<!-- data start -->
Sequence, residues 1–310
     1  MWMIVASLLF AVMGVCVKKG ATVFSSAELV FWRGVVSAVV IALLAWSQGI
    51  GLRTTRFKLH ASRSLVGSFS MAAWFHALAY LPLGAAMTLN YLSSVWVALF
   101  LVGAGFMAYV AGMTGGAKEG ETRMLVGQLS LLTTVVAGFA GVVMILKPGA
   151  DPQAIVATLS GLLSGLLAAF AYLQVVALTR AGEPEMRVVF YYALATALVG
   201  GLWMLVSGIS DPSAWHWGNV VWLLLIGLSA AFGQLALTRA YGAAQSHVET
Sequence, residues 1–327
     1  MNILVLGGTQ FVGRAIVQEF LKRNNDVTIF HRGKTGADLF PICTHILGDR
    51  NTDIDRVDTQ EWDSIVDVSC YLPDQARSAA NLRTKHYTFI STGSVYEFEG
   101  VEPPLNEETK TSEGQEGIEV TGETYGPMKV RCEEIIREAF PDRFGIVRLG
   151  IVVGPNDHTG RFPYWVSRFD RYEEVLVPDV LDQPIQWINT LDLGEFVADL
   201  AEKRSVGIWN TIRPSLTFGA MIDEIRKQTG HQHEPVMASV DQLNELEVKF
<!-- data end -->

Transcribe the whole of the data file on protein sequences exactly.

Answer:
Sequence, residues 1–310
     1  MWMIVASLLF AVMGVCVKKG ATVFSSAELV FWRGVVSAVV IALLAWSQGI
    51  GLRTTRFKLH ASRSLVGSFS MAAWFHALAY LPLGAAMTLN YLSSVWVALF
   101  LVGAGFMAYV AGMTGGAKEG ETRMLVGQLS LLTTVVAGFA GVVMILKPGA
   151  DPQAIVATLS GLLSGLLAAF AYLQVVALTR AGEPEMRVVF YYALATALVG
   201  GLWMLVSGIS DPSAWHWGNV VWLLLIGLSA AFGQLALTRA YGAAQSHVET
Sequence, residues 1–327
     1  MNILVLGGTQ FVGRAIVQEF LKRNNDVTIF HRGKTGADLF PICTHILGDR
    51  NTDIDRVDTQ EWDSIVDVSC YLPDQARSAA NLRTKHYTFI STGSVYEFEG
   101  VEPPLNEETK TSEGQEGIEV TGETYGPMKV RCEEIIREAF PDRFGIVRLG
   151  IVVGPNDHTG RFPYWVSRFD RYEEVLVPDV LDQPIQWINT LDLGEFVADL
   201  AEKRSVGIWN TIRPSLTFGA MIDEIRKQTG HQHEPVMASV DQLNELEVKF